The field of disability studies has paid scarce attention to religion. Literature related to religion and Christianity was predominantly available (post-2000), for example, it claims that children with disabilities are part of God’s family; nevertheless people do not always treat them as part of God’s family. The future of the church is determined by the number of children and youth the church has, and nearly twenty percent of adolescent live with disabilities, yet far too often they are marginalized within the church (Gunnestad & Thwala, 2011). Hence the need for the church to identify and meet the needs of children with disabilities in the same manner it attends to the necessities of other children. Carter (2013) added that faith communities should welcome and affirm people with disabilities in worship, fellowship and leadership, not only because it is the right thing to do, but to embrace everyone’s gift in fellowship. Interacting with children with special needs will serve as a highly useful and inspiring resource for anyone in the community of faith.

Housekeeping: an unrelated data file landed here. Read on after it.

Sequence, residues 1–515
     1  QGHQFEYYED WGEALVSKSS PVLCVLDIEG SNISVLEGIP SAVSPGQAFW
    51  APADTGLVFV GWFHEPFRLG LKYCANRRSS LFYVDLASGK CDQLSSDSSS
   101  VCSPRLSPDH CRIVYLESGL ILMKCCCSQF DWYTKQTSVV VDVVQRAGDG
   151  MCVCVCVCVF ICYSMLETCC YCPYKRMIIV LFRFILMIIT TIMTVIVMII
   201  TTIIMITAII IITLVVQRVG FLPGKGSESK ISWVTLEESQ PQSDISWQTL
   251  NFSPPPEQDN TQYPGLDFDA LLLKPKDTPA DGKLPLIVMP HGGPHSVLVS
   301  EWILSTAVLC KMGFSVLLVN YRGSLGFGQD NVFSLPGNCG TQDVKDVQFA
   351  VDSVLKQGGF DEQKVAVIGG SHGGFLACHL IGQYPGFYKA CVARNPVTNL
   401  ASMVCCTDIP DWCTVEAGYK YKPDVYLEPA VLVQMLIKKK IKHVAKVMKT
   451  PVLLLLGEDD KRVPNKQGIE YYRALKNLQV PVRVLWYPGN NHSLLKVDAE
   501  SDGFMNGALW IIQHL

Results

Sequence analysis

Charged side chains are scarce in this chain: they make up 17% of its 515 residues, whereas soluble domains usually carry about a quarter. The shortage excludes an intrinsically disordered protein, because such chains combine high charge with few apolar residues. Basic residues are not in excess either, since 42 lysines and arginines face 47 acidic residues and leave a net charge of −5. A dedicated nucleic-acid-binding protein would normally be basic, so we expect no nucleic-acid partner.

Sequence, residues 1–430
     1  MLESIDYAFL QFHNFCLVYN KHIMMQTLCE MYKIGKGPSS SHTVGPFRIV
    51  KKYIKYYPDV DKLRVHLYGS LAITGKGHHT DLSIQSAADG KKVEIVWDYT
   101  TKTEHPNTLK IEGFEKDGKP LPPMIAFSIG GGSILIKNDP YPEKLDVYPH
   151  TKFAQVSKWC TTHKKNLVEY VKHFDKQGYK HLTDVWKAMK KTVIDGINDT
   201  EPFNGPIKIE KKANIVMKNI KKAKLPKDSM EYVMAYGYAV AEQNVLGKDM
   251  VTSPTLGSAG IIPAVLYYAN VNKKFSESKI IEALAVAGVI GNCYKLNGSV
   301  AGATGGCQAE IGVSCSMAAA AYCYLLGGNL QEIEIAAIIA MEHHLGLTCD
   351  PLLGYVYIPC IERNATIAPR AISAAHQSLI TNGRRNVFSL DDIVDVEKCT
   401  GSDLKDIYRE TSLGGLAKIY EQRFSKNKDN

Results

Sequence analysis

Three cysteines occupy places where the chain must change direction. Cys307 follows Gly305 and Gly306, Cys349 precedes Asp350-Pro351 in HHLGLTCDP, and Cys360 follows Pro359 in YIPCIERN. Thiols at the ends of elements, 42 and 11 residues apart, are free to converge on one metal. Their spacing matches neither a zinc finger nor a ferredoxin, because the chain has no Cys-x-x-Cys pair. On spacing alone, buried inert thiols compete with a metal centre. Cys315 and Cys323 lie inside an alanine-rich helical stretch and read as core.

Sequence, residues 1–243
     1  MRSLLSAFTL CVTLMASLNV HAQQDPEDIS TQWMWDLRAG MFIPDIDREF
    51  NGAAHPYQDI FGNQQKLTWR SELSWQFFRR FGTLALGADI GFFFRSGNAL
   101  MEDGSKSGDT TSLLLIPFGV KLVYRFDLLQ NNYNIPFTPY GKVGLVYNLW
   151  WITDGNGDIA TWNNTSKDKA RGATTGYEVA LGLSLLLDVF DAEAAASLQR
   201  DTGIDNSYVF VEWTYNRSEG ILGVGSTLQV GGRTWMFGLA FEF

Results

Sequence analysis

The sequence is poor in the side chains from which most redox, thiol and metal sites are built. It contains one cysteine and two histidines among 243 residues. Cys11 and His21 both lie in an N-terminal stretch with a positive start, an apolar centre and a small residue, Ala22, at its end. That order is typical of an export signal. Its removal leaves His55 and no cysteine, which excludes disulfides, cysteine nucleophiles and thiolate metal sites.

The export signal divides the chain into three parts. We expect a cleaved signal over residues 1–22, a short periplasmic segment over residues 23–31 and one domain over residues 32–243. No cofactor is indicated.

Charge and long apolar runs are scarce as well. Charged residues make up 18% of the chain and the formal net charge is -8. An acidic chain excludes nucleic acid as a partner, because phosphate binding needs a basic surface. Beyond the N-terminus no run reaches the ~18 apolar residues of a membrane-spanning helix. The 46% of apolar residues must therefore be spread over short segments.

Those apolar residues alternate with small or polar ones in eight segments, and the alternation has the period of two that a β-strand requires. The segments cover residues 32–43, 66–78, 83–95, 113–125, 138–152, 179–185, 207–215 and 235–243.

Religious faith, beliefs, and activities are important aspects of the lives of most children in Swaziland. A substantial body of literature exists in the social and behavioral sciences on associations between religion, spirituality, and well-being in adulthood. Despite the obvious importance of religion in the lives of children and adolescents, considerably less attention has been paid to associations between religiosity and well-being prior to adulthood. Hence the purpose of this study was to explore the place and practices of faith in the lives of primary school learners with disability in Swaziland, and how they view their disabilities within the context of their faith. It also sought to find out the relation between faith and resilience in the lives of children with disabilities when faced with challenges.